Open Book: And God Said…

Los Alamos

The Humanities class at our high school includes a unit about world religions, and it’s been fun to participate as one of the invited speakers who speak about their religious tradition.

Each year, the students are very polite and inquisitive about my lecture on Judaism, and I am totally exhausted by the end of the day. I have no idea how a teacher can do this, five days a week, month after month.

I try to start my lecture with two apologies: Judaism accommodates a spectrum of observance and philosophies so I can’t help but color the presentation by my own views, and it’s really, really, hard to cover a few millennia in less than 90 minutes.

Because I kept running out of time, one of the items I dropped several years ago was an exercise in Jewish ethics that resonated with teens and is an important topic in Judaism: the power of speech, and specifically, the sin of improper speech.

While reading the thank you notes students wrote to me, I remembered that missed exercise, and I decided that this would be a timely topic for an Open Book column, so here it goes.

“And God said: Let there be Light, and there was Light.” The story of Creation is the story of God creating our universe through words, and it isn’t only the physical world that is created through speech. A person’s reputation can be enhanced or diminished through words.

A famous Jewish fable speaks of a person who would tell malicious gossip about his neighbors, but eventually remorsefully approached a rabbi about what he could do to make amends. The rabbi told him to cut open a feather pillow, and scatter the feathers to the wind. When he had done this and returned, the rabbi told him to now gather all the feathers, “… because you can no more make amends for the damage your words have done than you can collect back together those feathers.”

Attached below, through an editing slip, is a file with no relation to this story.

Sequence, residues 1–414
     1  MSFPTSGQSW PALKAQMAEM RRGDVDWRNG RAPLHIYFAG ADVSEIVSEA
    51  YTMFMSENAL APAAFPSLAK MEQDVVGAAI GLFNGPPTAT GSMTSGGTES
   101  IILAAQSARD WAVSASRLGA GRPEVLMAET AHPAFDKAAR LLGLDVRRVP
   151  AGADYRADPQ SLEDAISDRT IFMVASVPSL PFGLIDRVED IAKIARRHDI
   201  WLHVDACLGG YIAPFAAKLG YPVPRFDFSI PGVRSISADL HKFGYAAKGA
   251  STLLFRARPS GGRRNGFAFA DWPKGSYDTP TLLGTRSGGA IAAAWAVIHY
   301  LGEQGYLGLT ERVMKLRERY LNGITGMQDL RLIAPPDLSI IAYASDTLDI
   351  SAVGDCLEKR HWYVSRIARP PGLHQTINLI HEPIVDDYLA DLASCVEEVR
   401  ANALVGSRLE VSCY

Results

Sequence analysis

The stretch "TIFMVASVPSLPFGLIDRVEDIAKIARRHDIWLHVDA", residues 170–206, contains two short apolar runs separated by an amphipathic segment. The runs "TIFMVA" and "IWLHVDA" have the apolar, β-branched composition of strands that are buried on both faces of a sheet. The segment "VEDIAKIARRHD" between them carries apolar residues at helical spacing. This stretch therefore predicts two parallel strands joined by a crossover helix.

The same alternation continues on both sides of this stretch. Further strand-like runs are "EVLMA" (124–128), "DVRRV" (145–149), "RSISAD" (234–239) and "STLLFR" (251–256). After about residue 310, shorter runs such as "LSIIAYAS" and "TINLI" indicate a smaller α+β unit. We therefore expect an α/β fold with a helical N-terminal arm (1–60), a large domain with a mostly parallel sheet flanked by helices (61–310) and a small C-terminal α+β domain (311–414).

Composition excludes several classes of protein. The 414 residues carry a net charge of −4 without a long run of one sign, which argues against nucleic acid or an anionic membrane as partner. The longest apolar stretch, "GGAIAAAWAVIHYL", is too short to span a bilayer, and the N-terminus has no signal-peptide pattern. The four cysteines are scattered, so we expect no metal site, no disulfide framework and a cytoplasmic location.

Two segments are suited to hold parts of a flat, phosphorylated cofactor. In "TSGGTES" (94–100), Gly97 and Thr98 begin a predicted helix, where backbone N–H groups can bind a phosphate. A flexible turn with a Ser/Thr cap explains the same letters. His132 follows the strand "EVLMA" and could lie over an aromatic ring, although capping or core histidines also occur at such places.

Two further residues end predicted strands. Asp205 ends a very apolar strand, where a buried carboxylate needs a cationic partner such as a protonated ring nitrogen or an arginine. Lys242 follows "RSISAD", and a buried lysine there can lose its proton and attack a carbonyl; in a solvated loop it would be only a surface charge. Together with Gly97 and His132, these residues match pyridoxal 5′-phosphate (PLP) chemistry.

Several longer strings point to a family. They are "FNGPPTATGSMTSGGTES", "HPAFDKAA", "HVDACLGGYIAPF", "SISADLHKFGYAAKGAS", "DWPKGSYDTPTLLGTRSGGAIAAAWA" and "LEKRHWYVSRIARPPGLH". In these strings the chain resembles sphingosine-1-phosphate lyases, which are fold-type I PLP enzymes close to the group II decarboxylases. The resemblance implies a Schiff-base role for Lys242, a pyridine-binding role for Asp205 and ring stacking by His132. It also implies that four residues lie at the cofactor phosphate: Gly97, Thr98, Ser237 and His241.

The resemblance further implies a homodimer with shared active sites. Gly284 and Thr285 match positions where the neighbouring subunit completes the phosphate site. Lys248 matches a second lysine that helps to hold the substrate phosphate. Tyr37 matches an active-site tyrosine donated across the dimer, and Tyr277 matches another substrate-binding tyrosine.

It is a grave sin in Judaism to speak ill of someone, and the sin of Lashon Hara, or “Evil Tongue,” would lead to interesting classroom discussions about gossip that may be factually true, that may not be negative, that may not hurt the person, and even words that the victim might have said if asked, but is hurtful speech nevertheless.

“Should you use a derogatory nickname, even if the person is used to it?”, “Should you invite someone to a party if you know that he will not accept?”, “Should you ask someone a question if you know it will draw attention to her lack of knowledge?”

The definition of Lashon Hara does not reflect the truth or falsehood at hand at all, but it depends on the damage that it inflicts. I then would close with another Jewish custom also discussed at length in ancient times. How should we describe an ugly bride to her groom? The Jewish tradition is that every bride is beautiful on her wedding day.

These ancient discussions have relevance today. The internet is now our ripped pillow. Lies, half-truths and distortions can be scattered to the winds much faster than we can bring them back and disprove them. When they are used in the political arena, they affect millions of people and can change the course of history. I do not believe in “Watch what I do, not what I say.” What we say is often a deeper and more accurate reflection of our character than our actions. We all know this and have learned its lessons because it is harder to guard our tongue than it is to guard our hands.

So to those students who sat politely through my gyrations and poor handwriting, who wrote these wonderful notes to me, please accept my gratitude in return. Coming to your class reminded me just how relevant to our days those ancient stories and ancient insights can be. You reminded me that the Rabbis taught that the bride is beautiful because her love for her groom radiates past any physical attribute, and you reminded me that if words can create light, they can also create darkness. It is up to all of us, but most of all up to those students sitting in classrooms across our nation, to decide which of those two alternatives our future will hold.